We speak to music supervisor Vanessa Jorge Perry who helps us to demystify the process of placing music in trailers.
Over the past 14 years, Vanessa has been a music supervisor for both television and movie trailers, working at Entertainment Tonight, The Ant Farm, and Aspect Ratio. She’s worked on placements for projects such as Sideways, Lord of the Rings, Harry Potter, Star Trek, Transformers, Eat Pray Love, Iron Man 1 & 2, Leap Year, It’s Complicated, Call of Duty: Modern Warfare 2.
Hi Vanessa, can you tell us a bit about how you got into music supervision?
I started in journalism – I wanted to become an entertainment journalist and so I started working at Entertainment Tonight producing and directing and what happened was that I needed more money. The music supervisor was quitting and so I was just like, “Oh, maybe I should try that job and get a little bit more.” So I started working as a music supervisor for Entertainment Tonight and really enjoyed it. It was really hard and I was really young and I didn’t know anything. I was working with composers and production libraries and licensing songs and it was really cool.
I didn’t really know a lot about trailers at that point. I knew that we aired them on Entertainment Tonight, but when a headhunter got me an interview with Apsect Ratio I was like, “Trailer houses? I thought the trailers were made in the movie studios.” I didn’t know that there were actual companies that did just the movie trailers. So I’ve been in this awesome industry since then and it’s been a pretty cool transition into the trailer world.
There’s obviously a huge marketing element to trailers, does the marketing department have the final say on a project?
Each project is completely different; each movie, each director is totally different. It’s very interesting because we have a lot of people and rings that we have to jump through to get to our finished product. And sometimes, for example, working with someone like Quentin Tarantino who picks his own music for stuff, we wouldn’t really be making the decision.
But in most cases the marketing department at the film studio will let us have full control of the creative process. So we start from picking our own music, editing our own cuts and then presenting to them. Sometimes they’ll hire two to three different trailer houses on one project so we’re all competing against each other.
During that process the marketing department will sometimes say, “No, we don’t like that music.” or “Change this.” They have their study groups where they take our trailers to the theatres and actually ask people if they like the music, if a joke hit or if they got scared enough if it was a horror film. But it can go anywhere – I’ve had projects where it’s finished and marketing loves it but the director doesn’t like it, sometimes they all love it.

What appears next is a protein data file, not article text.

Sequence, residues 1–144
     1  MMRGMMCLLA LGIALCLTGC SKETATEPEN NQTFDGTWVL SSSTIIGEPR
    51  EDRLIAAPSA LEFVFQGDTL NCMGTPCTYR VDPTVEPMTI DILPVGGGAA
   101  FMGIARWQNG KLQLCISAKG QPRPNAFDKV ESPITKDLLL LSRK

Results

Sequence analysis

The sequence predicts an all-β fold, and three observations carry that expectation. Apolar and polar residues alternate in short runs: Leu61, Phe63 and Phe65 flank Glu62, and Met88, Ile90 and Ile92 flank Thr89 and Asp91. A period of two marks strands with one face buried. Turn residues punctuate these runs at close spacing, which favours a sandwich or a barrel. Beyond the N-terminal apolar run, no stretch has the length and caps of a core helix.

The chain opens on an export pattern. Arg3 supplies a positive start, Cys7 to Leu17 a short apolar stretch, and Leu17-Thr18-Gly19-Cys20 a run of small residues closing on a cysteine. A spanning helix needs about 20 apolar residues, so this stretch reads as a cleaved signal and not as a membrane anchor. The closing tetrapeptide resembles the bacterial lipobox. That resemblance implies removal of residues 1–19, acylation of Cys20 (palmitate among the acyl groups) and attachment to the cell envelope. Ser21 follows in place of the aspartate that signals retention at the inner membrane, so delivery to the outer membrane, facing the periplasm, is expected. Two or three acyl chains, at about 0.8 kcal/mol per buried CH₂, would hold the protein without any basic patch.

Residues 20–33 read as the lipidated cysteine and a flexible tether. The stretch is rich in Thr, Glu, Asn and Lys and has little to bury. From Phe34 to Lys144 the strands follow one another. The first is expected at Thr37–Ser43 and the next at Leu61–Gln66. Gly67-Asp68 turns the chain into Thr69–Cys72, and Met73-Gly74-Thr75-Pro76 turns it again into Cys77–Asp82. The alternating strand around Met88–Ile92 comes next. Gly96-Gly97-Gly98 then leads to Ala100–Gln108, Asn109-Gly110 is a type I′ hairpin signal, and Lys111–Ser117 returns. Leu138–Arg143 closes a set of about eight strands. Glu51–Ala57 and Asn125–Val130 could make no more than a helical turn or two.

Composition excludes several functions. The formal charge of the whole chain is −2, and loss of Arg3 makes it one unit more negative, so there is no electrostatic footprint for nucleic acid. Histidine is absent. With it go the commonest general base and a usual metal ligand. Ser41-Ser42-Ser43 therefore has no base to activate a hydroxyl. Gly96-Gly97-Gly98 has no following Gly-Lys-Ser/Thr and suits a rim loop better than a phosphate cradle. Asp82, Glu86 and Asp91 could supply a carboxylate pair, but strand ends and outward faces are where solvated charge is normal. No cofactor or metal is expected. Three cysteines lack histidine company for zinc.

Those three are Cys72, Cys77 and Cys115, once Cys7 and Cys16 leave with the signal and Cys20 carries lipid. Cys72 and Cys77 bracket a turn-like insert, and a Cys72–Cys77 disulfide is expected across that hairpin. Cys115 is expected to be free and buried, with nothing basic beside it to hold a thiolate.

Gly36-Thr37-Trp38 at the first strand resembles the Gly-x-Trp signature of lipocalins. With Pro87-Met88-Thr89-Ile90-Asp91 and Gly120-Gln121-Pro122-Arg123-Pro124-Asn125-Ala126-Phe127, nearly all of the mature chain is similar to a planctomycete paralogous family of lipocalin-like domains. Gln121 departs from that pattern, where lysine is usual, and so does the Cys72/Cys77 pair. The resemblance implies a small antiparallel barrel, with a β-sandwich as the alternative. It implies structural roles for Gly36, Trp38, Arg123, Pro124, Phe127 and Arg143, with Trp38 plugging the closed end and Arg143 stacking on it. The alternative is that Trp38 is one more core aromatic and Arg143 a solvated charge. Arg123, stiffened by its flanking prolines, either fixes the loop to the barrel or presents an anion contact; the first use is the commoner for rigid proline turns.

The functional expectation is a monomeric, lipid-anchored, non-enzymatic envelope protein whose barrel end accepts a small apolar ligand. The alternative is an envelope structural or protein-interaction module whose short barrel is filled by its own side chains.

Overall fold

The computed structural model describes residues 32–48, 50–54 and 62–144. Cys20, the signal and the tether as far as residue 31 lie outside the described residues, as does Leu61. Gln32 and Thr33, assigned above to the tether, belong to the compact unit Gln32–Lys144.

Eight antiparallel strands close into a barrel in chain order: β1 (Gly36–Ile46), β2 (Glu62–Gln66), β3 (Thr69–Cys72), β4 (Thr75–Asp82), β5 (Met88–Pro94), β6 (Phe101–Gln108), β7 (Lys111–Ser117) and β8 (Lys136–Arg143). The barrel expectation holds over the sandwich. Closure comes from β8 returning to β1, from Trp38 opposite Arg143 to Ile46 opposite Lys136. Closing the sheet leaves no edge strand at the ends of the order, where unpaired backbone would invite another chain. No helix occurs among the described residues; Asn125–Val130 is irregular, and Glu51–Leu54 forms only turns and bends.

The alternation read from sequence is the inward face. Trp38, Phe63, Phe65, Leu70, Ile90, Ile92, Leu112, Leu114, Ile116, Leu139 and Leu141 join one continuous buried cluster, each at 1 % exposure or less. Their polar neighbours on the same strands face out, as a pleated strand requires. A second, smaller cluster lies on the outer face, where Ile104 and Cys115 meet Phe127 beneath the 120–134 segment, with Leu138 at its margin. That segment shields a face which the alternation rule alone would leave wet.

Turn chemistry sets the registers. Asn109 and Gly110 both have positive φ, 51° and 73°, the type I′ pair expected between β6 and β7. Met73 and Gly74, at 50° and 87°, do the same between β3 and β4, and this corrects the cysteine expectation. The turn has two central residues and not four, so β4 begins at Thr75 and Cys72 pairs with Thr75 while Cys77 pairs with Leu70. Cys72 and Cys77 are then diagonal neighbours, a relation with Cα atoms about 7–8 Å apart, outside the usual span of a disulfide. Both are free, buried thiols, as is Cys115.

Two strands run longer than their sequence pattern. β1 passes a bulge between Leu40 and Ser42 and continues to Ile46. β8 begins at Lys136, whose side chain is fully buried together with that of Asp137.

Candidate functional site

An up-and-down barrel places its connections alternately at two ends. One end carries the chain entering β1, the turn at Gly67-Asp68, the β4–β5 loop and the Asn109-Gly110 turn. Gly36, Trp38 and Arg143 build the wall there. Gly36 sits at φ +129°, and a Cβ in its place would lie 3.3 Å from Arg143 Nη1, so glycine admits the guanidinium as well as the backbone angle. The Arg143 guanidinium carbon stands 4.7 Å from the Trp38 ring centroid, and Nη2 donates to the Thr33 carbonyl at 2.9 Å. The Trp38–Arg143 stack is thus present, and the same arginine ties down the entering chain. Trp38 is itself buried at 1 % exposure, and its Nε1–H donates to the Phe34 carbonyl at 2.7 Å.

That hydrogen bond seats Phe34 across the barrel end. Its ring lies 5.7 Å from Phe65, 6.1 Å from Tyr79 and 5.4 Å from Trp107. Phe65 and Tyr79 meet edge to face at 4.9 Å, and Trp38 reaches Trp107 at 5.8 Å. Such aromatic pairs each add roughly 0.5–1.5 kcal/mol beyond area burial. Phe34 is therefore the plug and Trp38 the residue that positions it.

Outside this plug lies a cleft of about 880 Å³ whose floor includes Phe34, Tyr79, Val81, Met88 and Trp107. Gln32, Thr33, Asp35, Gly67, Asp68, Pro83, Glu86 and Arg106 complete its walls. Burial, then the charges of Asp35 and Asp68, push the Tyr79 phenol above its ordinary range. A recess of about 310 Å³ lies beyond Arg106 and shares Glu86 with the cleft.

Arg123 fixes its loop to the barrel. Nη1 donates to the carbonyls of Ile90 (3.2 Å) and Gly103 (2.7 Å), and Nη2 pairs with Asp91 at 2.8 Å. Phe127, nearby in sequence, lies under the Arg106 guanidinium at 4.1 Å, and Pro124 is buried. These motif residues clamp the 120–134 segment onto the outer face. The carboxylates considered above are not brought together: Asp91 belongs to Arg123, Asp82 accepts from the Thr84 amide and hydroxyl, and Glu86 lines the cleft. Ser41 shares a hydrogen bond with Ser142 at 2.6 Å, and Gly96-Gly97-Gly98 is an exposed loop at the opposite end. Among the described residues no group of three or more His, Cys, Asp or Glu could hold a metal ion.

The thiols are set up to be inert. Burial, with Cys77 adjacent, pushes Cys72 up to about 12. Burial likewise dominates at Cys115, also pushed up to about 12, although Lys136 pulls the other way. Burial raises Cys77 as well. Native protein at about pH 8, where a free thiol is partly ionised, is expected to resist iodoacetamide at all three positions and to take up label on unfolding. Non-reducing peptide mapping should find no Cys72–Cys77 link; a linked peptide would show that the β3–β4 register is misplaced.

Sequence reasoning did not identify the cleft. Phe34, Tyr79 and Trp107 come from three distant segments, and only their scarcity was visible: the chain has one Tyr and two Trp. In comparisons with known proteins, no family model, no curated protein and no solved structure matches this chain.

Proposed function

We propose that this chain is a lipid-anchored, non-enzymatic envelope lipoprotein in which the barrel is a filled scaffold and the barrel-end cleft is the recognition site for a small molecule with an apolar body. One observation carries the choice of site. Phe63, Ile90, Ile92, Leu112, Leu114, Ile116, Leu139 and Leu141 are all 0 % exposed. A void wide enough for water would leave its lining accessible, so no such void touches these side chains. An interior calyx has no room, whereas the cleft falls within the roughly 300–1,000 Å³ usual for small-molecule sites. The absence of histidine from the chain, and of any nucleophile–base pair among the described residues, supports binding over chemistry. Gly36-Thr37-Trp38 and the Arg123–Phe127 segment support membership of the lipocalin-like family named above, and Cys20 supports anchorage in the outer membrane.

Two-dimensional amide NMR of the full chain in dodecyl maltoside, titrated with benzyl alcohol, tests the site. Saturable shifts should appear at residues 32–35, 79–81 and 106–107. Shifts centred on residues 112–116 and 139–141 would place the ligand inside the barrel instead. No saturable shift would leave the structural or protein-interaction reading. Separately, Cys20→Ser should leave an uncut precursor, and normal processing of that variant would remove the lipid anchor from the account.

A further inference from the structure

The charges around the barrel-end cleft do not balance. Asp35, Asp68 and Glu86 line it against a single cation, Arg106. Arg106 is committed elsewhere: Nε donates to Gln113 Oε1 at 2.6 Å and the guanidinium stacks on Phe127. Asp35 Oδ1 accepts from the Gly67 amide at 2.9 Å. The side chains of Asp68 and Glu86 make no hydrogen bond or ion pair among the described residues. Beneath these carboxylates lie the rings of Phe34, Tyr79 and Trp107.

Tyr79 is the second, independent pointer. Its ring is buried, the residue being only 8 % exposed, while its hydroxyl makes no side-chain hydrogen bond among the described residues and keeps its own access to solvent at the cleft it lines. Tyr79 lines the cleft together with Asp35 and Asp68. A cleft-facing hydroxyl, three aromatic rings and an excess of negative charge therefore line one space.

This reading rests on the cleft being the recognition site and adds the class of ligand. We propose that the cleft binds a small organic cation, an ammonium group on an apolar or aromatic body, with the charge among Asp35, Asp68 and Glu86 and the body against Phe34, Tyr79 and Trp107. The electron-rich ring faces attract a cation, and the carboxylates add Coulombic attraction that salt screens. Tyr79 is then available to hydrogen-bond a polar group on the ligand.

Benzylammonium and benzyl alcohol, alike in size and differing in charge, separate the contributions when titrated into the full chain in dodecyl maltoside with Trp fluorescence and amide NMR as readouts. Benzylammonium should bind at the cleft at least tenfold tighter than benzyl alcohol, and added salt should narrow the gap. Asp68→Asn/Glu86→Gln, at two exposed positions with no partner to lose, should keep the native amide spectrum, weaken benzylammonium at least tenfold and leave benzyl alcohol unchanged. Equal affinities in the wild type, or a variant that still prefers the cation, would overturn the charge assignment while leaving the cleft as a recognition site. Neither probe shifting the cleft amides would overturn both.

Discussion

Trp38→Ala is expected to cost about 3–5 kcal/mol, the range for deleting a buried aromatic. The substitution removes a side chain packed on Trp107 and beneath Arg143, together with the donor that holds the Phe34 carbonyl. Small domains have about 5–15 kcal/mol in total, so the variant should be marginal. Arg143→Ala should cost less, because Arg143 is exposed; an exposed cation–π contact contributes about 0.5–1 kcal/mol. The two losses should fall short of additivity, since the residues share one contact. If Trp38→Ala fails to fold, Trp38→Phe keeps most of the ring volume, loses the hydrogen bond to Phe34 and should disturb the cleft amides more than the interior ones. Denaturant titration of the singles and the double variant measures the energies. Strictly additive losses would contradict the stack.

Do you ever work with the movie’s music supervisor?
You’d think that we would – It’s very strange because we get our hands on a movie way before the music supervisor for the movie gets their hands on it. We’ll get a script before it’s even shot, like, “Ok, this is the movie, go!” Sometimes we get a movie in the middle of shooting and we get to see what the music supervisor is temping in it. So it’s very interesting because we should be working together but we don’t.
And that’s also another big misconception – a lot of people ask me, “Don’t they just use the music from the movie for the trailers?” Maybe 5% of the time they might. There might be something really cool that the director liked in the movie that he/she is like, “We want that for the trailer,” or for marketing or whatnot.
We’re pretty much all about marketing and promo and trying to sell the best movie possible. I’m sure you’ve heard many times that the trailer looked way better than the movie or that the trailer gave away a lot of the movie, but it’s definitely a science and I think that once you get it down and it’s a great trailer then you’ve sold the movie. So I think it’s kind of better that we don’t talk to the music supervisor in the movie because it’s definitely a different sell.
Do you normally source existing music that’s readily available or do you work with composers to score a trailer?
Unfortunately the process is way quicker in trailers. Sometimes we get time to work on something where we can actually score a piece. The problem is, like I said, we’re in competition with other trailer houses so we don’t know for sure if ours is going to be used. So when we commission something we don’t like to take that chance very often and commit money out of pocket.